So Pretty a Problem is worth a go for the joys it holds, but be prepared for it to drag. I would love to see an experiment taken up for someone to read only parts one and three, and to see if it actually made any difference to the book.

But is it a Locked Room Mystery? The case of the impossible alibi.

Recently I was having a chat with a friend about impossible crimes (believe me this doesn’t happen that often), and though not a big reader they loved the series Death In Paradise. In response to my statement that I liked the impossible episodes of the series so far, they said “but aren’t all the episodes impossible crimes, because no one could have done it?”


In the intro to his brilliant CADS magazine number 74, editor Geoff Bradley writes a lovely off-hand piece about Death In Paradise, and its wave of bad press despite it’s popularity, (something I considered in this post). In his intro he also calls the stories of the BBC series ‘impossible crimes’.

Both these examples got me thinking. The idea that these stories are all being considered ‘impossible crimes’ seems to be because usually everyone has an alibi. This point of view doesn’t just apply to the TV series, but also to novels I have seen in discussion online. Some have suggested a novel as an impossible crime or locked room mystery because all the characters claim to be elsewhere at the time of the murder.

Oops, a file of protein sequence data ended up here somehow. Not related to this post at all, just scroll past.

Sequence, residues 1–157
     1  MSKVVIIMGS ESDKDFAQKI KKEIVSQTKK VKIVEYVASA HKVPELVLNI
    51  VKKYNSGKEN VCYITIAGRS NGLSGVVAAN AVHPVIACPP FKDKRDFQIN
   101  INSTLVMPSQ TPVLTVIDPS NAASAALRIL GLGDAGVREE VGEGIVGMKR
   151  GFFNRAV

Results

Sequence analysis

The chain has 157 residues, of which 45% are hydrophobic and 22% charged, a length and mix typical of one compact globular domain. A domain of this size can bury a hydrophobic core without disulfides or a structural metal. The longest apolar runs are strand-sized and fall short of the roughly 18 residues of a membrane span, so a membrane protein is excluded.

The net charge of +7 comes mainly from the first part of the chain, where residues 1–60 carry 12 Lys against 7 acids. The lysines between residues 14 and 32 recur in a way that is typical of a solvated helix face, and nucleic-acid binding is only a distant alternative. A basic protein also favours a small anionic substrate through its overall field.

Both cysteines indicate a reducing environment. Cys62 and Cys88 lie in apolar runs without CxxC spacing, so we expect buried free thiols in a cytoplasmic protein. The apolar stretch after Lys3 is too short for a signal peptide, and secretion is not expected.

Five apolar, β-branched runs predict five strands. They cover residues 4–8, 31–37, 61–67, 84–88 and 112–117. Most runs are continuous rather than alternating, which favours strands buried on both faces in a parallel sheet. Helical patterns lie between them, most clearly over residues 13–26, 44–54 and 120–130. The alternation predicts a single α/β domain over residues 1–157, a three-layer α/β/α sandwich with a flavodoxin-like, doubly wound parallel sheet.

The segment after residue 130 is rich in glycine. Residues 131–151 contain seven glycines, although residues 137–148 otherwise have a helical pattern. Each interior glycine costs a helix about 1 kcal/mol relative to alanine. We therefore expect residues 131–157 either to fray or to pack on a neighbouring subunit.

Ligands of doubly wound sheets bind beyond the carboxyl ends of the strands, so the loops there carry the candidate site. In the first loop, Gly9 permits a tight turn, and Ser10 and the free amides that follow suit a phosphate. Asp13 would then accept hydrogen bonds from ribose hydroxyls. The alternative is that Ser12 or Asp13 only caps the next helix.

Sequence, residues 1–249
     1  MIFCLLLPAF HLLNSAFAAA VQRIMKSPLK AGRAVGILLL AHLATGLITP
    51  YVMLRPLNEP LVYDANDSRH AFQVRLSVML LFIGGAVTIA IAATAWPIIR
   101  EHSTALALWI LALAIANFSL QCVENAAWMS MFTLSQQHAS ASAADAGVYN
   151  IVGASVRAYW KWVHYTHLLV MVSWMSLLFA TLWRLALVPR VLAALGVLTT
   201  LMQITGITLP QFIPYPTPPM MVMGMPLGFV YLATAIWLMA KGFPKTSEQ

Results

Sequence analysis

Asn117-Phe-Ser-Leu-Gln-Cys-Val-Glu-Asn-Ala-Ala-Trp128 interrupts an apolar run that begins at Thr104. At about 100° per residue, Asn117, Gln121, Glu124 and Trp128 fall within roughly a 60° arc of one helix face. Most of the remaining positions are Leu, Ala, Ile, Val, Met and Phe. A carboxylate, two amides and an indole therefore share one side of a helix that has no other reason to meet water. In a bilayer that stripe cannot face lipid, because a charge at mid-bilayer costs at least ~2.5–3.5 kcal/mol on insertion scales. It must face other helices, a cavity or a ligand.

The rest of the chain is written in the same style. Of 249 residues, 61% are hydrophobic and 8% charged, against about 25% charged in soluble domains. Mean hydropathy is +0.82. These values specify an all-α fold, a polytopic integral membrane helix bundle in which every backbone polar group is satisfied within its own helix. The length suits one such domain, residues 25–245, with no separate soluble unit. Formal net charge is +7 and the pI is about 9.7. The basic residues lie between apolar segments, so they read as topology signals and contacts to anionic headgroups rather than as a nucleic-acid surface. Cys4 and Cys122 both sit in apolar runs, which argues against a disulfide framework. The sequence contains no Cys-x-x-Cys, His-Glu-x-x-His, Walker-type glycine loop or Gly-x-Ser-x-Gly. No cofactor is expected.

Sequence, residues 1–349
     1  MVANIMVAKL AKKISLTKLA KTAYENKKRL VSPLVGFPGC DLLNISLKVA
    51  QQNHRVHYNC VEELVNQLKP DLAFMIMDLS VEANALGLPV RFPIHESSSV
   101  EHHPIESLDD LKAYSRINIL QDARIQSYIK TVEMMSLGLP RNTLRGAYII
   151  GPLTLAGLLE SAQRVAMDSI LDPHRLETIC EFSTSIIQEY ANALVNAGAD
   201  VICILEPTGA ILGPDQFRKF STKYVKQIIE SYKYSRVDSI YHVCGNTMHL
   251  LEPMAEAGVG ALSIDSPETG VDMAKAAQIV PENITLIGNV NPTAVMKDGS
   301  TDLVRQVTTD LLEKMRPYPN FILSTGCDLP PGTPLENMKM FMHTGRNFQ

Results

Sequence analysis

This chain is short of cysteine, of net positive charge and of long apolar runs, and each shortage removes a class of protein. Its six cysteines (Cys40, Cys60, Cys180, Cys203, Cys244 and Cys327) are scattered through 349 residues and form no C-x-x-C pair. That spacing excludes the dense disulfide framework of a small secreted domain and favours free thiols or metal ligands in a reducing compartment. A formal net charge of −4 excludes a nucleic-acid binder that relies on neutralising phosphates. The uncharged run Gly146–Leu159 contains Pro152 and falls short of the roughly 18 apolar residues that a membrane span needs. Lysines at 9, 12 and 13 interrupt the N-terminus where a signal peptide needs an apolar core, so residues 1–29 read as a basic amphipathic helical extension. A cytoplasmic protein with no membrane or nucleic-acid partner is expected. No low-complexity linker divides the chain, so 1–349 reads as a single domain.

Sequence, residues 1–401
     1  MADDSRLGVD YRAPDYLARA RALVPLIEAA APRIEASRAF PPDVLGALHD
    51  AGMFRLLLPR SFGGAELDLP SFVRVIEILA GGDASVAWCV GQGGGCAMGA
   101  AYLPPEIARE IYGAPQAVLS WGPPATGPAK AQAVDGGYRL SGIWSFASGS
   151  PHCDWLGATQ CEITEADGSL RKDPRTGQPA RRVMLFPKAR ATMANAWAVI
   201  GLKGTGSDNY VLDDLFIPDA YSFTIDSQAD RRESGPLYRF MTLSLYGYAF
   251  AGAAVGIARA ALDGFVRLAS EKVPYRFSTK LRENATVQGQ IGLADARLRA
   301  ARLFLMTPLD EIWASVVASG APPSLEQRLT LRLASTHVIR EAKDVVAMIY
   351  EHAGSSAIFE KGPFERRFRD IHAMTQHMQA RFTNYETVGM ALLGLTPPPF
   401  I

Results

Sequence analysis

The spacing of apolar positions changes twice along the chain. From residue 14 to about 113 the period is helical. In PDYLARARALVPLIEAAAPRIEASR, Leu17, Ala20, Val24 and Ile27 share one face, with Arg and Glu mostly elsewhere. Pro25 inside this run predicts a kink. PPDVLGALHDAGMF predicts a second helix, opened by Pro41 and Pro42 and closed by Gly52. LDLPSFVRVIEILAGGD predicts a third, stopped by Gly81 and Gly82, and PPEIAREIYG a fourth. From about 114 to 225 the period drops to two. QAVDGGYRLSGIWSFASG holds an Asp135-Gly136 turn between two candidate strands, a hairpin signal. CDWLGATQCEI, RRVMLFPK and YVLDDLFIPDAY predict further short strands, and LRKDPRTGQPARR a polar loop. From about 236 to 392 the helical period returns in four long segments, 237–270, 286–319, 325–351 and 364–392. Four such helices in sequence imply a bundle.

At the risk of treading some old ground covered by JJ somewhat in this post from last year, (it’s worth reading his post to see how he defines the terms ‘locked room’ and ‘impossible crime’ generally), I want to add my voice into the mix on this more specific point. I do not think a novel or episode of detective fiction counts as an impossible crime or locked room mystery simply if all the characters have seemingly solid alibis, and that is your complete set up. Why do I think this? Well, I think it’s something to do with the fact that an alibi and the impossible or locked room element of a novel are two very different things, with different roles.